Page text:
A transition period has been agreed to make the abolition of roaming surcharges sustainable throughout the EU without an increase in domestic prices. This transition period will ensure that when the end date comes (June 2017), the wholesale roaming prices to be paid by operators when they offer mobile communications services outside of their country in the EU have decreased, by market forces or through another regulatory intervention, for roaming without retail surcharges to be sustainable.
In addition, the regulation includes safeguards that can be used by mobile operators to prevent, where necessary, abusive or anomalous use of roaming services, such as permanent roaming, which otherwise could be the source of distortions on domestic markets.
In some specific and exceptional circumstances, in particular where an operator's domestic retail prices are well below the wholesale roaming prices it has to pay to the network operators that their roaming customers are using when travelling abroad in the EU and it has a "deficit" (unbalanced traffic, i.e. more of its subscribers travel abroad, for longer, than is the case for visitors on their own network), in order to avoid an increase in the domestic prices of that operator, the regulation foresees, as an exception, the possibility for that operator to still apply a surcharge to its roaming customers, if the national regulatory authority (NRA) agrees.
The NRAs will annually inform the Commission of their decisions on that matter. I am confident the transition will be smooth and beneficial for all. Since EU regulations have been introduced to reduce roaming charges, domestic mobile prices have been decreasing as well.
What are your hopes for the Digital Single Market ten years from now?
The Digital Single Market is the basis of a new dynamic economy and society, ready to make the most of the opportunities offered by new technologies.
Our strategy lays the groundwork for Europe's digital future. We want to see pan-continental telecoms networks, digital services that cross borders and a wave of innovative European start-ups. We want to see every consumer getting the best deals and every business accessing the widest market – wherever they are in Europe.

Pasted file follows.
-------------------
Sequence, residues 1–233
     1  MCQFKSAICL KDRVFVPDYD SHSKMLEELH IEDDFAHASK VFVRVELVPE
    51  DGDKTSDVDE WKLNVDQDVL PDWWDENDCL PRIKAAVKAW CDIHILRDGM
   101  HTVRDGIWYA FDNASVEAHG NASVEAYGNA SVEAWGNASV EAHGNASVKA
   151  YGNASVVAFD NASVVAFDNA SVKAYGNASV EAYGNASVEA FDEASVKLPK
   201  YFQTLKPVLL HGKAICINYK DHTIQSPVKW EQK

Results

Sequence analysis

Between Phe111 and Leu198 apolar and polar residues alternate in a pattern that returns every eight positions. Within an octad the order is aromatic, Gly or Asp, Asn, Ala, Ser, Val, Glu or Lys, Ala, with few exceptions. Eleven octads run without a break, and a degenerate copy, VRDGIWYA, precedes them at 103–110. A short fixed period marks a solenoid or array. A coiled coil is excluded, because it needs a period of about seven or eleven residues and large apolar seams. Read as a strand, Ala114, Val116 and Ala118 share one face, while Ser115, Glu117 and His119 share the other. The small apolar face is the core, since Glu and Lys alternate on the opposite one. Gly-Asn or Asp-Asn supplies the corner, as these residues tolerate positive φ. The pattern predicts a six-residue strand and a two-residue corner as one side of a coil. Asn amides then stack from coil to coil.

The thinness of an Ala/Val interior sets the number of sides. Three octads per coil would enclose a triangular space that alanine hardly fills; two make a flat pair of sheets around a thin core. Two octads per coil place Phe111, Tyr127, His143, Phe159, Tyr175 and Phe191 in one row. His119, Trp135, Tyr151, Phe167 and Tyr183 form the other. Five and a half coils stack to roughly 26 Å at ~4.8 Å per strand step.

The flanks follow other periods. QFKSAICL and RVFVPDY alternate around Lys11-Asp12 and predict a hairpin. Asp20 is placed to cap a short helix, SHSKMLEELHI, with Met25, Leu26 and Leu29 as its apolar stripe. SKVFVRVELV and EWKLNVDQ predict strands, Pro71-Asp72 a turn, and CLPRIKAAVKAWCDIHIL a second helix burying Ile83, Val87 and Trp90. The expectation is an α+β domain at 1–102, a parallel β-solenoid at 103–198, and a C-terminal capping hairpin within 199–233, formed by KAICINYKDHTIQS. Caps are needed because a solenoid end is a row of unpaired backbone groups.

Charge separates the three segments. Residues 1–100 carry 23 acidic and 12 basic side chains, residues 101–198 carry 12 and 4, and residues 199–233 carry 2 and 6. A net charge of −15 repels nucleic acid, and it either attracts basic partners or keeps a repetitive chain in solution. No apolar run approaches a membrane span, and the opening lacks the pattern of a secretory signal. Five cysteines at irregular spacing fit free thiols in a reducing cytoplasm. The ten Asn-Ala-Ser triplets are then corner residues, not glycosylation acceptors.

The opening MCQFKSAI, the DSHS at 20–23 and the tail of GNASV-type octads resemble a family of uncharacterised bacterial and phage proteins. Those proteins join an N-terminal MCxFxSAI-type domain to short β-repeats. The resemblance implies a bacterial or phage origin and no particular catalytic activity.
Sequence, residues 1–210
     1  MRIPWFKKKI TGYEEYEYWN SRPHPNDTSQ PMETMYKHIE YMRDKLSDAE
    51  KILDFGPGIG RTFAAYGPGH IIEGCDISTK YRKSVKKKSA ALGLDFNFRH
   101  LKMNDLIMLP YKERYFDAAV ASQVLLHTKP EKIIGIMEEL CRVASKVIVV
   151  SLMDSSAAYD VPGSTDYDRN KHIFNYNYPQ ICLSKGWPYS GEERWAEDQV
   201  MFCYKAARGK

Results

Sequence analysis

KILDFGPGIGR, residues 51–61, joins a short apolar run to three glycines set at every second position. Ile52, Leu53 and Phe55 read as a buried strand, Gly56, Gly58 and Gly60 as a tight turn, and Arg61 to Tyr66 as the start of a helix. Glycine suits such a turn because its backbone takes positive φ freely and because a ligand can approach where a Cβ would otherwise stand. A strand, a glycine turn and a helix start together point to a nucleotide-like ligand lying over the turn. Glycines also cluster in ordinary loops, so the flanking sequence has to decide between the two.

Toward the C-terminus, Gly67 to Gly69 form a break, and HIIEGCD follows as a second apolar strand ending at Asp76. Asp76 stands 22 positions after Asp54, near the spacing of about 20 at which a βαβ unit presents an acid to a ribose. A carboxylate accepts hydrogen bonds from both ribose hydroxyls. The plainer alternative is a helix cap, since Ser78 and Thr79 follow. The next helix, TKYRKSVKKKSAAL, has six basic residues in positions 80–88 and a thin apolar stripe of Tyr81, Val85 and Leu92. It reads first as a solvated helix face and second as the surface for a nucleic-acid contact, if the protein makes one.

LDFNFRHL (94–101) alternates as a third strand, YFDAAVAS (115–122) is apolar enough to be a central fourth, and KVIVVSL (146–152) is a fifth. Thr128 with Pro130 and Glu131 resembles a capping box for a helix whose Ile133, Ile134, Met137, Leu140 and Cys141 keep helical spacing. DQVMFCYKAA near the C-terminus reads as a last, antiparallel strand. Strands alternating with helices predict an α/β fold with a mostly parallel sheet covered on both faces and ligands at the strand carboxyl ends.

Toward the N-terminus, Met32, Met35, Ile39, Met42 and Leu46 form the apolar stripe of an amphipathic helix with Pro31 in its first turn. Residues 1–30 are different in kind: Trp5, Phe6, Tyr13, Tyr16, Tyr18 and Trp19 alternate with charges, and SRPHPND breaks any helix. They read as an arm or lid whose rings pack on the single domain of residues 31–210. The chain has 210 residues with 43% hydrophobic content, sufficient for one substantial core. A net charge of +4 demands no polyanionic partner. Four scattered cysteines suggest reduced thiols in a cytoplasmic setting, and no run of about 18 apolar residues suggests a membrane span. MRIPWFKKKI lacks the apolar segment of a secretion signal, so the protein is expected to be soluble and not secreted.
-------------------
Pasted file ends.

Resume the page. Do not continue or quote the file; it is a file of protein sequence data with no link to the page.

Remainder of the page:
A Digital Single Market means new jobs will be created through new content and service applications, increased e-commerce and infrastructure deployment. It means modern, fit-for-purpose telecoms rules and an effective spectrum coordination EU-wide.
Common standards and interoperability also mean sectors like cloud computing and the internet of things, but also e-government services around Europe enjoy the best possible conditions to grow. Our Digital Single Market is also about an inclusive society where people have the right digital skills to seize these new job opportunities.
Who do you predict will be the biggest winners of a Digital Single Market?
We should all win in the Digital Single Market: from consumers to SMEs and start-ups, from the creative sector to industry. Consumers will be better protected when buying online and having better access to products and services across EU.
They should enjoy lower parcel delivery prices, better telecom services and high speed internet. SMEs should have clearer rules to sell cross-border and scale-up businesses in a market of more than 500 million consumers. A company based in one country should enjoy the same consumer law, fewer burdens dealing with public administration, more market access through public e-procurement and e-signatures.
Media rules should be adapted to the digital age. The creative sector should be protected by better enforcement of rights and actions to combat piracy, a fairer remuneration of rights with the participation of all players in the value chain. Industry should have clearer rules to develop and a level-playing field for competing actors in the market.
Cloud computing should be safe to use. Standards and greater interoperability in all sectors such as energy, transport and health should help to develop products and services faster, boost innovation and reduce costs. In other words, everyone is a winner.
You previously served as prime ministerof Estonia. How has that helped prepareyou for your role at the EC?
I have been now active in politics for 17 years, of which nine years I served as prime minister. As prime minister, I was trusted to lead three different coalition governments consisting of both centre right and centre-left parties. I have led all my cabinets with the understanding that one needs to find consensus, act as a bridge-builder, in order to achieve common goals.
I have had the opportunity to be at the forefront of a digital transformation of a country, which today excels in multiple areas of e-government, safe and secure private and public digital solutions, and which takes cyber security and data protection seriously.
Just a few examples – during the last EP elections, 33% of the votes cast in Estonia were given via the internet through an e-voting system, used for the very first time in the world for general elections in 2005. It is also estimated, that the wide uptake of digital signature in public and private transactions saves the Estonian economy a whole working week every year.
As prime minister I also initiated, together with my Finnish, Danish and Dutch colleagues, a letter addressed to the June European Council in 2010, which called for the establishment of a 'Digital Single Market for the EU'. I've been a fervent supporter of this goal through all the European Council meetings.